Platinizing Aluminum

Aluminum vessels coated with a layer of platinum are recommended in place of platinum vessels, when not exposed to very high temperatures. The process of platinizing is simple, consisting in rubbing the aluminum surface, previously polished, with platinic chloride, rendered slightly alkaline. The layer of platinum is made thicker by repeated application. Potash lye is carefully added to a solution of 5 to 10 per cent of platinic chloride in water till a slightly alkaline reaction is produced on filtering paper or a porcelain plate by means of phenolphthalein. This solution must always be freshly prepared, and is the best for the purpose. Neither galvanizing nor amalgamating will produce the desired result. Special care must be taken that the aluminum is free from iron, otherwise black patches will arise which cannot be removed. Vessels platinized in this way must not be cleaned with substances such as sea-sand, but with a 5 to 10 per cent solution of oxalic acid in water, followed by thorough rinsing in water. These vessles are said to be specially suitable for evaporating purposes.

Platinizing Copper and Brass


The articles are coated with a thin layer of platinum in a boiling solution of platinum sal ammoniac, 1 part; sal ammoniac, 8 parts; and water, 40 parts, and next polished with chalk. A mixture of equal parts of platinum sal ammoniac and tartar may also be rubbed on the objects. Steel and iron articles can be platinized with an ethereal solution of platinic chloride. For small jewelry the boiling solution of platinic chloride, 10 parts; cooking salt, 200 parts; and water, 1.000 parts, is employed, which is rendered alkaline with soda lye. In this, one may also work with zinc contact.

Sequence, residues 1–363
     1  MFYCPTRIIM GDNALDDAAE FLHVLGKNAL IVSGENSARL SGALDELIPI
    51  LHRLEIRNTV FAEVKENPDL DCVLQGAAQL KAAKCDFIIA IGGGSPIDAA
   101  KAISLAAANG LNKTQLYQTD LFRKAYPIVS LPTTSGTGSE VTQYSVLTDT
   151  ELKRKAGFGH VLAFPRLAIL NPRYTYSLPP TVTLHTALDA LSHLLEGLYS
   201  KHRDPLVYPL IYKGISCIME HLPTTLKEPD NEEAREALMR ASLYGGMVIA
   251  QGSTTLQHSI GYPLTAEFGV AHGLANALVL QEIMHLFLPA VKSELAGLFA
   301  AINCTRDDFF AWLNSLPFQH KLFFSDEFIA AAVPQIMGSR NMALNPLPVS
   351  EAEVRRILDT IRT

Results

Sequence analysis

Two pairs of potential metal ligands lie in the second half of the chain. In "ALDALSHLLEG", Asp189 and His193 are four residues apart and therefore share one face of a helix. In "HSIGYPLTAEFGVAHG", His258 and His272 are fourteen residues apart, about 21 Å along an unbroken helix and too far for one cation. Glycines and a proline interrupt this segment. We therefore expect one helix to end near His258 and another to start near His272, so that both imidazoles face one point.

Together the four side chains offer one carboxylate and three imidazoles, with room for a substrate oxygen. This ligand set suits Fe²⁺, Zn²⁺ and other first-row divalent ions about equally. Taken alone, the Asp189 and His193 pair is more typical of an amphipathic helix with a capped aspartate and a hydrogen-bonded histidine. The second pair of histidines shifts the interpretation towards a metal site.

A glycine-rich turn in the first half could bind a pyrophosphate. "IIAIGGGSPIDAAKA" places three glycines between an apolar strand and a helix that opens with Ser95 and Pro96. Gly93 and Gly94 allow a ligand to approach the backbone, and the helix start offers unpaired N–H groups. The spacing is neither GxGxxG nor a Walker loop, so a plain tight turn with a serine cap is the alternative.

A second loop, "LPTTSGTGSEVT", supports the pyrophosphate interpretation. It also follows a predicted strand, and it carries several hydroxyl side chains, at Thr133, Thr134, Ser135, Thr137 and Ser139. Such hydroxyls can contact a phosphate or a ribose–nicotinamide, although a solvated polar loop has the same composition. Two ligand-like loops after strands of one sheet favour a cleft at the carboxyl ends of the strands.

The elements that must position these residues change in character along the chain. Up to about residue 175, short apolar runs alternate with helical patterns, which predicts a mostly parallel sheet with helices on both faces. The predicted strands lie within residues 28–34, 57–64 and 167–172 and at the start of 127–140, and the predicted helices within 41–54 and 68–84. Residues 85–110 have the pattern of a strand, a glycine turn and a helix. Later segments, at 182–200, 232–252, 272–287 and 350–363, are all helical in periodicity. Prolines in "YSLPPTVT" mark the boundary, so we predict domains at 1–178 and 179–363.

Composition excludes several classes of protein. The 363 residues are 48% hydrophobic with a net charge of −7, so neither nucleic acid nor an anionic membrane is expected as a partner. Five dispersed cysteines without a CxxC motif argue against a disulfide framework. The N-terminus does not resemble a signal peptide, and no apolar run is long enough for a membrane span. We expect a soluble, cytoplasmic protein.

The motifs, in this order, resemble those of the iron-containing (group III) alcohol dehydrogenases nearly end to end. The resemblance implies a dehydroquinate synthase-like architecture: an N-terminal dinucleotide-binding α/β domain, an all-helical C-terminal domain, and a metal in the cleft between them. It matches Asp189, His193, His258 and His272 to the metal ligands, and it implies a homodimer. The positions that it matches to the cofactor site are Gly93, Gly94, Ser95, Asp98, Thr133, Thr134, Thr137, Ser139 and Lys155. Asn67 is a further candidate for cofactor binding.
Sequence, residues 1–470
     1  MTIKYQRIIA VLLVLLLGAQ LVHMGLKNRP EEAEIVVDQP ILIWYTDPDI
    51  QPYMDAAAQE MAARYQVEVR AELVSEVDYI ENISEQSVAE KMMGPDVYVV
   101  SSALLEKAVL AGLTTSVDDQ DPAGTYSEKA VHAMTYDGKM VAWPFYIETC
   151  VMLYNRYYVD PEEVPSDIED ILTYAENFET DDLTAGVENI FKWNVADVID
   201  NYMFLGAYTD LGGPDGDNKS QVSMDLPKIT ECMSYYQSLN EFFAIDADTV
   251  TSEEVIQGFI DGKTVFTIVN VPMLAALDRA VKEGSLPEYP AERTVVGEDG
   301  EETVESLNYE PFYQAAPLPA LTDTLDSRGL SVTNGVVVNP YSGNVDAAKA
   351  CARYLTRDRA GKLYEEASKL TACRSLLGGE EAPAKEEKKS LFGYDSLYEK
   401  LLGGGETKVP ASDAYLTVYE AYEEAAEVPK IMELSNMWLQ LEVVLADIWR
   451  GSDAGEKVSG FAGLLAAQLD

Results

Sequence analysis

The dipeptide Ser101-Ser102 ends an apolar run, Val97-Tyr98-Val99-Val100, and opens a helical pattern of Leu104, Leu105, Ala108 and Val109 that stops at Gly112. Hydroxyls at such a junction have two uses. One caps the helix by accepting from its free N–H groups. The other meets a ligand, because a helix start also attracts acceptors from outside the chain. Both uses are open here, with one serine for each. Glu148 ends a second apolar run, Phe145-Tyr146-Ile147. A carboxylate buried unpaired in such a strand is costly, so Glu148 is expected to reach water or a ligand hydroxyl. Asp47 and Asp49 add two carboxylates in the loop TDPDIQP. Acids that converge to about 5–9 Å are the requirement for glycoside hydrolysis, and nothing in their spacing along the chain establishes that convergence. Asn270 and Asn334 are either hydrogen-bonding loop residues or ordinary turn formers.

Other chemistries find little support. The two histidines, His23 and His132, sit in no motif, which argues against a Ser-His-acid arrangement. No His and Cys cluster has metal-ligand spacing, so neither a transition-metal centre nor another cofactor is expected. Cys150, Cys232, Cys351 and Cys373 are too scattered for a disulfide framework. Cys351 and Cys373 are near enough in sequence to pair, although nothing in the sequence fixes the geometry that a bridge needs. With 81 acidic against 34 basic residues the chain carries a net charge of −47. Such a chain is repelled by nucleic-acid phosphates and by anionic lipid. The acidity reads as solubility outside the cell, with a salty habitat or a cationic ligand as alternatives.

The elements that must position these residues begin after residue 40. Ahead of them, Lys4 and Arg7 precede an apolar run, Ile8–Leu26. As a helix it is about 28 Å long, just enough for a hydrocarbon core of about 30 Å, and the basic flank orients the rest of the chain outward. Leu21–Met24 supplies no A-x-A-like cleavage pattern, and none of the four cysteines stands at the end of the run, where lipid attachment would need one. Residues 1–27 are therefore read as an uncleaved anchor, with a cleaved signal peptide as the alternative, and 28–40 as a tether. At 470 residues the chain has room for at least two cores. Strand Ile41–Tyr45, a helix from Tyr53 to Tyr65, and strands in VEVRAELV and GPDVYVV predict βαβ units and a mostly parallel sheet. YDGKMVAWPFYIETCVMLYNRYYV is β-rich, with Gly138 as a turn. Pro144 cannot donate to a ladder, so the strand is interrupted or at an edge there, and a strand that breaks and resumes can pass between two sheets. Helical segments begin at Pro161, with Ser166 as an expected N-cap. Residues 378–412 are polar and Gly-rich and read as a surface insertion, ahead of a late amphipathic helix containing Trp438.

Heat 800 parts of sal ammoniac and 10 parts of platinum sal ammoniac to the boiling point with 400 parts of water, in a porcelain dish, and place the articles to be platinized into this, whereby they soon become covered with a coating of platinum. They are then removed from the liquid, dried and polished with whiting.

Platinizing on Glass or Porcelain

First dissolve the platinum at a moderate temperature in aqua regia, and next evaporate the solution to dryness, observing the following rules: When the solution commences to turn thick it is necessary to diminish the fire, while carrying the evaporation so far that the salt becomes dry, but the solution should not be allowed to acquire a brown color, which occurs if the heat is too strong. The result of this first operation is chloride of platina. When the latter has cooled off it should be dissolved in alcohol (95 per cent). The dissolution accomplished, which takes place at the end of 1 or 2 hours, throw the solution gradually into four times its weight of essence of lavender, then put into a well-closed flask.

For use, dip a brush into the solution and apply it upon the objects to be platinized, let dry and place in the muffle, leaving them in the oven for about one-half hour. In this operation one should be guided as regards the duration of the taking by the hardness or fusibility of the objects treated. The platinization accomplished, take a cotton cloth, dipped into whiting in the state of pulp, and rub the platinated articles with this, rinsing with water afterwards.

Platinizing Metals

Following are several processes of platinizing on metals:

It is understood that the metals to be covered with platinum must be copper or coppered. All these baths require strong batteries.


Take borate of potash, 300 parts, by weight; chloride of platina, 12 parts; distilled water, 1,000 parts.


Carbonate of soda, 250 parts, by weight; chloride of platina, 10 parts; distilled water, 1,000 parts.


Sulphocyanide of potash, 12 parts, by weight; chloride of platina, 12 parts; carbonate of soda, 12 parts; distilled water, 1,000 parts.


Borate of soda, 500 parts, by weight; chloride of platina, 12 parts; distilled water, 1,000 parts.